“But I never felt compelled that we have to do something, because it will work itself out over the course of time,” he said. “Some of it will work itself out with contract negotiations and free agency. There’s different things that are staggered in terms of time line.”

“First up, Nerlens Noel. Second up, Joel Embiid. Third would be Okafor, in terms of contract staggering. So there’s some of that that’s in play.”

***

SOME RANDOM HEADLINES: Mo Williams says he’s returning to the defending champion Cavaliers for one final NBA season…LeBron James and Mark Wahlberg are talking about making a movie together…Former All-Star and current Sacramento mayor Kevin Johnson took a pie to the face on Wednesday…Robert Horry didn’t hesitate to say that Hakeem Olajuwon was better than Shaquille O’Neal and Tim Duncan…Metta World Peace signs another one-year deal with the Lakers…Tyronn Lue says he already misses J.R. Smith...

Morning shootaround — Sept. 21

NEWS OF THE MORNING

Curry not himself during Finals | Kevin Love on being Westbrook’s college teammate | Giannis now cornerstone of Bucks

No. 1: Curry not himself during Finals – Anyone who saw Stephen Curry during the regular season, when he won his second straight MVP (and did so unanimously), and during the last month of the playoffs knew that he wasn’t 100 percent. That’s not to offer an excuse — remember, the Cavs didn’t have Kyrie Irving for all but one game during the 2015 Finals — but it was the sad reality for the Warriors and their franchise guard. Curry says he still hasn’t gotten over Game 7, and discussed that and more with Sam Amick of USA Today:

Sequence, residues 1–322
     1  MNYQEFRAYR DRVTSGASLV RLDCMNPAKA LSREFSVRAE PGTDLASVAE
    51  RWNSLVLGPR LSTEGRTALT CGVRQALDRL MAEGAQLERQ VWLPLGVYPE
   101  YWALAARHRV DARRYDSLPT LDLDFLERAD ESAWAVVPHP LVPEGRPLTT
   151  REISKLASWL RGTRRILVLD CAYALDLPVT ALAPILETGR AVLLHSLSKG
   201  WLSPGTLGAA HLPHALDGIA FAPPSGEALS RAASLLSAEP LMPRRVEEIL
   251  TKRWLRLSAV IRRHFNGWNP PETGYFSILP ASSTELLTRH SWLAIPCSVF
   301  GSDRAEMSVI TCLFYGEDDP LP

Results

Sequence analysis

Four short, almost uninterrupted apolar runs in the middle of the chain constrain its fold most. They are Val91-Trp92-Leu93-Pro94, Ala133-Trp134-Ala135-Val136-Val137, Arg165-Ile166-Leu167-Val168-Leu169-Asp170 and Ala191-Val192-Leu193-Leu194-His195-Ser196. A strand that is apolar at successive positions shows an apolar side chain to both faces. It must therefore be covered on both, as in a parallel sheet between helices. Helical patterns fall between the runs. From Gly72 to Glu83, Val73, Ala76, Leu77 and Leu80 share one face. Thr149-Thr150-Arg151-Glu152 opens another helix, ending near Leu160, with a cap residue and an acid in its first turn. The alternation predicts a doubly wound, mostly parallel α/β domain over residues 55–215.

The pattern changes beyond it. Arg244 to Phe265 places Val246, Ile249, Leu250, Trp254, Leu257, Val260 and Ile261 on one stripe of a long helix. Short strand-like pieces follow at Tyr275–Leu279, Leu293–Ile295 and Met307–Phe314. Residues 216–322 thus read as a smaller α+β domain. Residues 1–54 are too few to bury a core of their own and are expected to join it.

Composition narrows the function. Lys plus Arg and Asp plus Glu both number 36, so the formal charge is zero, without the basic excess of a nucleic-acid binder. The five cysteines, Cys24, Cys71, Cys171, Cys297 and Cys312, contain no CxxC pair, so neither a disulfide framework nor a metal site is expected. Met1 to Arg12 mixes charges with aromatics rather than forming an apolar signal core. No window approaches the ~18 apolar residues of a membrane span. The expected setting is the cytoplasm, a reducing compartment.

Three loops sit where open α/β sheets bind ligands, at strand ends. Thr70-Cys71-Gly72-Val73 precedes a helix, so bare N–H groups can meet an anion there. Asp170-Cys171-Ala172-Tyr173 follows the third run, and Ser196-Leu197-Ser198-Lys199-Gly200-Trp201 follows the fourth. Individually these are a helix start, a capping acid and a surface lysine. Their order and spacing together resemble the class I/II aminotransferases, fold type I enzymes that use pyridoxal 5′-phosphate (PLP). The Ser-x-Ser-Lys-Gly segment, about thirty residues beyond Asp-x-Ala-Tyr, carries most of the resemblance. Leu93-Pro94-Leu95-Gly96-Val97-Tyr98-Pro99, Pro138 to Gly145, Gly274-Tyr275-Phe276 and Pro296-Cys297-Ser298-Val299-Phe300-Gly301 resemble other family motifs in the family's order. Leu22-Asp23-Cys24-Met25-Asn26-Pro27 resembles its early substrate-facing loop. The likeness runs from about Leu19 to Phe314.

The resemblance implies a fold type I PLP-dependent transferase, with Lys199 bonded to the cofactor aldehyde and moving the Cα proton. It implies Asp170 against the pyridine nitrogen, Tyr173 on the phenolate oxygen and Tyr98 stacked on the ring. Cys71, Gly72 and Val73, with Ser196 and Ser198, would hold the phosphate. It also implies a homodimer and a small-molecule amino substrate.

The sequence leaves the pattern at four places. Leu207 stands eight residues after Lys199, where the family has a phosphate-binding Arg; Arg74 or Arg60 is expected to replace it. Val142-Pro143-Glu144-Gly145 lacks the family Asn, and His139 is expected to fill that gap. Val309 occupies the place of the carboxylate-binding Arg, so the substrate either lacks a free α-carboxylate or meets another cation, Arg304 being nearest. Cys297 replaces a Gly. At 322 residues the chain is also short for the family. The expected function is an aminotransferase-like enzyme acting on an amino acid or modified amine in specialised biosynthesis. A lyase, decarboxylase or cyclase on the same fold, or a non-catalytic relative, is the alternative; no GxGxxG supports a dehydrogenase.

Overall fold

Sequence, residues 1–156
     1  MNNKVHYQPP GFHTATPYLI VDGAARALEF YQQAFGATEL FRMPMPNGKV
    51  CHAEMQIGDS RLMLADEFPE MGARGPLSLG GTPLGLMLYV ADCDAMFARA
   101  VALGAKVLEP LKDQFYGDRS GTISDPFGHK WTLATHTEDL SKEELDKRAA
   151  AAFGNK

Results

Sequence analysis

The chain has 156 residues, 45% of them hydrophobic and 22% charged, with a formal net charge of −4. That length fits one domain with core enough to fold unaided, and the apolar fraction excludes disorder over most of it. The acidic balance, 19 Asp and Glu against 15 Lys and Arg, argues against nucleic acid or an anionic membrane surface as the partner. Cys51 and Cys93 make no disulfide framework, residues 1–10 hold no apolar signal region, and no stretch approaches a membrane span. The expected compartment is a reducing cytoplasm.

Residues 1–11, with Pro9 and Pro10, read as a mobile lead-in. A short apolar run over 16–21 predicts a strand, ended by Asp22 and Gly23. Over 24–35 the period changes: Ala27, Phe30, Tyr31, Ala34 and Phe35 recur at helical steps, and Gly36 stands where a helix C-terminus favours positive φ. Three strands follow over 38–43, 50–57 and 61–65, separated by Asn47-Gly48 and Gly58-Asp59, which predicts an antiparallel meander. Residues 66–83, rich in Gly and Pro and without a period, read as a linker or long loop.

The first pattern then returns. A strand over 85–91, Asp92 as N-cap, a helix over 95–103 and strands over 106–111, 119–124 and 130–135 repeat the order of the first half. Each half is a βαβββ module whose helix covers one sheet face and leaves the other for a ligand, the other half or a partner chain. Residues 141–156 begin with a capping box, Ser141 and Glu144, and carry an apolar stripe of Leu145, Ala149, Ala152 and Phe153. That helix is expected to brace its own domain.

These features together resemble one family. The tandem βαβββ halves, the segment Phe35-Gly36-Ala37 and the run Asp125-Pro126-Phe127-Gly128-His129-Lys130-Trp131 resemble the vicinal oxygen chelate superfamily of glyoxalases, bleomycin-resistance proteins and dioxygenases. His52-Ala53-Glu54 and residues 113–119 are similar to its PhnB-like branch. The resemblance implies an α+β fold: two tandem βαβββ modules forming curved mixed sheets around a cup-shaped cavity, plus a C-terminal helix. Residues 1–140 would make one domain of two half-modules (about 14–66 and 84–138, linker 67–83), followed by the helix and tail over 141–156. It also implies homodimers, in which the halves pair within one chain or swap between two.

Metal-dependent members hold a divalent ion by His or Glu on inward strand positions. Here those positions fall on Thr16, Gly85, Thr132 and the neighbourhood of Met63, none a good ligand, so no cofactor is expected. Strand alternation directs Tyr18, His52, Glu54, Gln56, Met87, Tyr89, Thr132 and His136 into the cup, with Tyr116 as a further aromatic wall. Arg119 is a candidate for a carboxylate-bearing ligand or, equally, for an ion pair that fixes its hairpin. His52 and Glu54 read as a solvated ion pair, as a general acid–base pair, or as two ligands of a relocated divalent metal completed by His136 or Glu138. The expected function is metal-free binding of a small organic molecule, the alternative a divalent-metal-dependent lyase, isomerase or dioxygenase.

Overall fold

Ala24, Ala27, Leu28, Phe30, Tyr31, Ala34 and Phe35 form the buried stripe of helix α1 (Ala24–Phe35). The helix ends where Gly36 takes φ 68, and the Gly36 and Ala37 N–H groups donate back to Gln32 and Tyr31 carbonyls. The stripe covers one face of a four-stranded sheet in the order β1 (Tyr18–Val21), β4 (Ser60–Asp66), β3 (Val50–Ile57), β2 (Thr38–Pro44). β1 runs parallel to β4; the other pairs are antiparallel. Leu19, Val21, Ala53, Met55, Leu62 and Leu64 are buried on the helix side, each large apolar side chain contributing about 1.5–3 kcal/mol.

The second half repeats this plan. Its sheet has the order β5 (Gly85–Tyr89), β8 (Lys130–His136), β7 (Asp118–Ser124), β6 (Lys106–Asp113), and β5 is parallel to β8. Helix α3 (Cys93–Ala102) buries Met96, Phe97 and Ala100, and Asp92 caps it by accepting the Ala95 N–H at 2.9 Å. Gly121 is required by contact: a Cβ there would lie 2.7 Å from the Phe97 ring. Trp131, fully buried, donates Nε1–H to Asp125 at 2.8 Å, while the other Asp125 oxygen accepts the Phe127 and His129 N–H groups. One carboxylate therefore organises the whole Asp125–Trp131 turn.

From here until the end of his Hall of Fame-bound career, the piece of film that likely will haunt him most is the NBA Finals Game 7 loss against the Cleveland Cavaliers. Say what you will about all of the factors that weren’t in their favor — Curry’s right knee injury that slowed him until the end, the Andrew Bogut absence in the last two games because of a knee injury, the Draymond Green suspension in Game 5 that led to a series-turning loss — the championship was theirs for the taking again.

The fact that Curry missed 13 of 19 shots, including 10 of 14 from three-point range, when it mattered most only made the offseason worse. He finished with 17 points, two assists and four turnovers in the finale.

“I still haven’t gotten over Game 7,” Curry told USA TODAY Sports during a break in the shoot. “That’s something that will stay with me pretty much forever, for good and bad reasons. Obviously you hated the feeling, but it’s also a motivator to come back even stronger and try not to have that feeling again.

“I’m at that point now where I can try to fuel any kind of terrible nightmares or thoughts about Game 7 into motivation for how I’m going to prepare myself for this year.”

And therein lies the saving grace for Curry and the new-look Warriors: they’ll be the cause of night terrors for the rest of the NBA soon enough.